Article Text

Download PDFPDF

Just Wars and doctors' strikes
Free
  1. Mark Sheehan, Associate Editor
  1. Correspondence to Mark Sheehan, Oxford NIHR BRC Ethics Fellow, University of Oxford, Ethox Centre, Nuffield Department of Population Health, Oxford, UK; mark.sheehan{at}philosophy.ox.ac.uk

Statistics from Altmetric.com

Request Permissions

If you wish to reuse any or all of this article please use the link below which will take you to the Copyright Clearance Center’s RightsLink service. You will be able to get a quick price and instant permission to reuse the content in many different ways.

Adam Roberts’ paper in this issue tackles the ethics of doctors’ strikes in the light of the conflict in the UK between the Department of Health and junior doctors.1 Whilst there has already been a decent amount written on doctors’ strikes and the most recent junior doctors’ one, this paper provides a nice example of the way in which reflection on the theoretical arguments outside of the directly medical context can usefully be applied in specific contexts with good effect.

In his brief paper Roberts sets out to develop a general ethical framework for understanding doctors’ strikes and then applies it to the specific context of the recent NHS junior doctors’ strike. The paper concludes that the action taken by junior doctors was ethical.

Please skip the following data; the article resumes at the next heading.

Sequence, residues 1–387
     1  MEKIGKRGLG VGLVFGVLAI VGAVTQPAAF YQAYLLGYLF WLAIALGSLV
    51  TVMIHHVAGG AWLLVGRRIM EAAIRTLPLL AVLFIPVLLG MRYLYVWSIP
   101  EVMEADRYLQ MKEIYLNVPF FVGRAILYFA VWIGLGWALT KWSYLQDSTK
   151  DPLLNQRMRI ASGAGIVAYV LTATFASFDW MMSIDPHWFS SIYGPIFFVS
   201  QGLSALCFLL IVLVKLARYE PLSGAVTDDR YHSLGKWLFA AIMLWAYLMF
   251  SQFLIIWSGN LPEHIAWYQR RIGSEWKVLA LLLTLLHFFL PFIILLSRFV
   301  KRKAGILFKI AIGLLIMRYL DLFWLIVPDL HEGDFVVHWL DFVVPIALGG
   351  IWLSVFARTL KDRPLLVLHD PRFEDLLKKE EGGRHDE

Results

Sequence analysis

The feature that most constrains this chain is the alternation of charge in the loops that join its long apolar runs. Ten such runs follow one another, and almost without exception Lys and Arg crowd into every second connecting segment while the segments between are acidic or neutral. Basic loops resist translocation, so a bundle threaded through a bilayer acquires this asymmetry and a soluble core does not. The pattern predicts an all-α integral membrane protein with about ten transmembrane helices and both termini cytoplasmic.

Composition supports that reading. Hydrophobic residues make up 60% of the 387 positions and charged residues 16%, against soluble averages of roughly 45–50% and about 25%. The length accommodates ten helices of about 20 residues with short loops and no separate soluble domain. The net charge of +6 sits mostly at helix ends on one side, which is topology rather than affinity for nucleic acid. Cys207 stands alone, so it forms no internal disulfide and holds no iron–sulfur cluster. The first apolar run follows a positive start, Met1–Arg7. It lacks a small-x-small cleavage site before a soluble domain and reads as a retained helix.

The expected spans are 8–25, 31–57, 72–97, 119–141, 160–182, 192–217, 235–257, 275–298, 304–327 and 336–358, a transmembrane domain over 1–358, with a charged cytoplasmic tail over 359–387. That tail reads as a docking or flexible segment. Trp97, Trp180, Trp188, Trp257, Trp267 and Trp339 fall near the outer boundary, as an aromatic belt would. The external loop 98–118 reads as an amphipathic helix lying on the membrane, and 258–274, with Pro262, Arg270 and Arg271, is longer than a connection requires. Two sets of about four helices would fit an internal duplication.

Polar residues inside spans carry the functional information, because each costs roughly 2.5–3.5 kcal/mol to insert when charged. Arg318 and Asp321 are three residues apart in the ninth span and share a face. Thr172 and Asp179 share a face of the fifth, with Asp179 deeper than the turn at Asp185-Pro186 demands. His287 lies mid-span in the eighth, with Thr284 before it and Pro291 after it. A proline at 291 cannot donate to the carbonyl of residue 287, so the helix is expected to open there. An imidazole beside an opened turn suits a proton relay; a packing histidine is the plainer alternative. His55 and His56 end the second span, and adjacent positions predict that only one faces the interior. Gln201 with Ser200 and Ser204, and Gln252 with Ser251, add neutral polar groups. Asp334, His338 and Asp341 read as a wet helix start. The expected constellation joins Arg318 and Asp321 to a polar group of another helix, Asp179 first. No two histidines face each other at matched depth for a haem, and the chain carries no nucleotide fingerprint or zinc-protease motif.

The general (and entirely reasonable) strategy of Roberts’ paper is to produce and argue for an independent set of standards—in this case a set of criteria to be satisfied—by which we can judge the ethical acceptability of particular behaviours. It is a ‘top-down’ approach that aims to capture the full range of issues in an ethical framework and then to use these to determine the ethical acceptability of strike actions in specific contexts. This route has the advantage, when successful, of providing a clear justification for or against the resulting ethical assessment of the strike. Challenges from within this approach will come from those who see failings in the either the setup of the ethical framework or in its application in the particular context.

The paper begins by distinguishing two questions that, according to Roberts, are often conflated: ‘How should doctors behave as doctors?’ and ‘Should doctors strike?’. “It is not analytically true that those principles which dictate how doctors should conduct themselves in their work also determine when and how they may suspend that …

View Full Text

Other content recommended for you